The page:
Ages 8 - 12
In this eloquent middle-grade novel, which takes place over the summer of 1965, thirteen-year-old Holly and her cousin Ivy accidentally discover family secrets no one has spoken of since World War II
Holly and Ivy have always been close, but this summer at the annual month-long reunion at the Greenwood family lake house the girls seem to be growing apart. Although they spend hours together painting an old row boat the colors of the rainbow, they don't talk about things that are important . . . until they begin to find letters and pictures relating to a Japanese boy named Kiyo. Uncovering the mystery of this ghostlike boy leads the girls to the many subjects no Greenwood adult will discuss, such as their Uncle Jesse's death during the war.
In this insightful and expressive novel about complicated family dynamics, two girls show their elders that with honesty, courage, and empathy, even old wounds can be healed.
Cousins Holly and Ivy spend every summer with their grandparents at Otter Lake in New Hampshire, but this year they make uncovering the mystery surrounding their uncle’s death during World War II and his connection to a Japanese boy named Kiyo a priority. Thanks to clues such as a journal and some letters, the girls break down painful barriers and misunderstandings that have divided their family for years.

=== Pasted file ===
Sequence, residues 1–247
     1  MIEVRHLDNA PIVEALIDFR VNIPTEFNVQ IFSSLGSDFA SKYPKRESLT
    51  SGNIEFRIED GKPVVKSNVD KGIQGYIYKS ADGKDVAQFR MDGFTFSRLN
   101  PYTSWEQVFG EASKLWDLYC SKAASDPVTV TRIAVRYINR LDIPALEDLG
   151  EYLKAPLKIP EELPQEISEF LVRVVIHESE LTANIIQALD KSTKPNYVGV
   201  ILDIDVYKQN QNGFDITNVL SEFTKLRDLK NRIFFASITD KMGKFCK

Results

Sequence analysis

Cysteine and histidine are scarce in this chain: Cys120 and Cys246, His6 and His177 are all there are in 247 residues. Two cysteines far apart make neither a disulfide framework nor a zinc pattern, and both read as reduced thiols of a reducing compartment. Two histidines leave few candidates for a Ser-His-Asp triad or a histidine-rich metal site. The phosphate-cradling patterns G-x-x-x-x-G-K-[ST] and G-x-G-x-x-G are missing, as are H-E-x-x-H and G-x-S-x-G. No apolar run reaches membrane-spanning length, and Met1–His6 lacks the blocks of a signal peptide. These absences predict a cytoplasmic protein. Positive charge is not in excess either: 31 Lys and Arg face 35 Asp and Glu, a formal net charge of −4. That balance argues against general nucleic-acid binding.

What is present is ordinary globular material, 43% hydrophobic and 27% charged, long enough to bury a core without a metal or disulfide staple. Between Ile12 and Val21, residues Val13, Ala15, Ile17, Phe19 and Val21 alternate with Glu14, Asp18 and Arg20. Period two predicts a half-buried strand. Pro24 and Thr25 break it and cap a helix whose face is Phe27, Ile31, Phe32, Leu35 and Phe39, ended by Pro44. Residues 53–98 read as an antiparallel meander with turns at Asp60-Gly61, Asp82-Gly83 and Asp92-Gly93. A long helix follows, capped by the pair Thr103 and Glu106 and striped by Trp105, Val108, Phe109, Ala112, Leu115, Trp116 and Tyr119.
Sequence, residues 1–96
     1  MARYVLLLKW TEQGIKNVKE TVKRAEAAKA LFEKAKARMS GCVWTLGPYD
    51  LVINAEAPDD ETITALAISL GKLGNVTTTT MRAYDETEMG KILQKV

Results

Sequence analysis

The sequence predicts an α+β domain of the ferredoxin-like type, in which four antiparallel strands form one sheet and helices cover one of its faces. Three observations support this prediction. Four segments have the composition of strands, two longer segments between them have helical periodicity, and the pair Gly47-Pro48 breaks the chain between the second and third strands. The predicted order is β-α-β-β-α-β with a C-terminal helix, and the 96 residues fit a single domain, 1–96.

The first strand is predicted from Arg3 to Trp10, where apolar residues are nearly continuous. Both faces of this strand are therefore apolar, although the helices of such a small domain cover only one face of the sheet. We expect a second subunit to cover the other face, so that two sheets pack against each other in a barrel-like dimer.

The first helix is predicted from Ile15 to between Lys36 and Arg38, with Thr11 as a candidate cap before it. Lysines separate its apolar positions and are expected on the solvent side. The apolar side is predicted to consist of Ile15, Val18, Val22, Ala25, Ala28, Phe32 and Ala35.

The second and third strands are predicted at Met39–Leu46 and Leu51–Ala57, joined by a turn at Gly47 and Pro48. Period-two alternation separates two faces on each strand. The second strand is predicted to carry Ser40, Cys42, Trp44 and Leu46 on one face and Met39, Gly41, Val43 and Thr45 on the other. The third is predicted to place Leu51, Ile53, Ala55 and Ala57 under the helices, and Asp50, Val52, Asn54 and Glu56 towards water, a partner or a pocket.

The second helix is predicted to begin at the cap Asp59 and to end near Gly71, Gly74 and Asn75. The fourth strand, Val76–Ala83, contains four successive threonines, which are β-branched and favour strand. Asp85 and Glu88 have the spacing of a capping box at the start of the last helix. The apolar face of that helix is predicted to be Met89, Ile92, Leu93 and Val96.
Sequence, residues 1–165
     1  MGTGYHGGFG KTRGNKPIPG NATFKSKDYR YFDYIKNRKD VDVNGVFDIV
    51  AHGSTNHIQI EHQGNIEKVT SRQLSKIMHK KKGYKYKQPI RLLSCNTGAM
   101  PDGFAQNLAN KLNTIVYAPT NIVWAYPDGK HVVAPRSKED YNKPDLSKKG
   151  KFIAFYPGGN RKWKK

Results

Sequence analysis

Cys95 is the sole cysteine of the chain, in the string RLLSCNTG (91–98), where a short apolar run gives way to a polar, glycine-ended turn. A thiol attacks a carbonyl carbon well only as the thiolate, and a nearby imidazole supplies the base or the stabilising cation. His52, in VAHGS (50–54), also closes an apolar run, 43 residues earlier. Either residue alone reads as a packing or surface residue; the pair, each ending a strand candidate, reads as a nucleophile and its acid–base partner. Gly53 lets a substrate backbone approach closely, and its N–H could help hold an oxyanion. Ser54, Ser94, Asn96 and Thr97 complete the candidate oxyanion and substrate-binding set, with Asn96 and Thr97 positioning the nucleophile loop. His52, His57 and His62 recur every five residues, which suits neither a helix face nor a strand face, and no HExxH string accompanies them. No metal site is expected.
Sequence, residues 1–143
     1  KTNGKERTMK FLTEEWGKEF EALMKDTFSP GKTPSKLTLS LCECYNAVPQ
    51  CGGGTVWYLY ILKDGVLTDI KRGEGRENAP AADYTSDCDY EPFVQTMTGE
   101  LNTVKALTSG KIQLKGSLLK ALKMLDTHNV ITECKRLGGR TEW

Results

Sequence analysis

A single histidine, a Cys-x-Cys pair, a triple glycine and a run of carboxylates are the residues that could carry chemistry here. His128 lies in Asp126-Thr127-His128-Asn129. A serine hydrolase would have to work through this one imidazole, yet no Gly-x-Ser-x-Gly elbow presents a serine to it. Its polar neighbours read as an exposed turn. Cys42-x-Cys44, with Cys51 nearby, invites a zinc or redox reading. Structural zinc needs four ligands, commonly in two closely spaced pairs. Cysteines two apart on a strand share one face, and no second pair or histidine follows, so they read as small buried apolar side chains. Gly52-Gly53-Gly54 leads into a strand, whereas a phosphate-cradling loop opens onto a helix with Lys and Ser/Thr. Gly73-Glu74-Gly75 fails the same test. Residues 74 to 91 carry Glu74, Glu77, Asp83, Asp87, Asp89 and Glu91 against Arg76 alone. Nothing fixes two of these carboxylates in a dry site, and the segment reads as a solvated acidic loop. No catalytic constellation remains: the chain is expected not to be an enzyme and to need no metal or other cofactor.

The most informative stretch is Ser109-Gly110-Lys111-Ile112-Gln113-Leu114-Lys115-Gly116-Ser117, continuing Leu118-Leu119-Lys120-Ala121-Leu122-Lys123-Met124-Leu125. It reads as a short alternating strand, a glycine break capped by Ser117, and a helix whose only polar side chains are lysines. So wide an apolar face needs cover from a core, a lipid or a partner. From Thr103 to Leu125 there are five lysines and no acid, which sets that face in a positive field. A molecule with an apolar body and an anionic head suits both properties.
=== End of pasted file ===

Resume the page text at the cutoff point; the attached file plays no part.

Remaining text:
Painting the Rainbow explores the fear and racist attitudes that resulted in thousands of Japanese Americans being incarcerated during World War II. Though a story about the dark side of our nation’s past, the issues are still, sadly, relevant today. Gordon masterfully weaves the story of Kiyo in 1943 with that of the Greenwood family in 1965. Part historical novel, part mystery, Painting the Rainbow is a touching tale of about standing up for what is right. A perfect summer read for any age.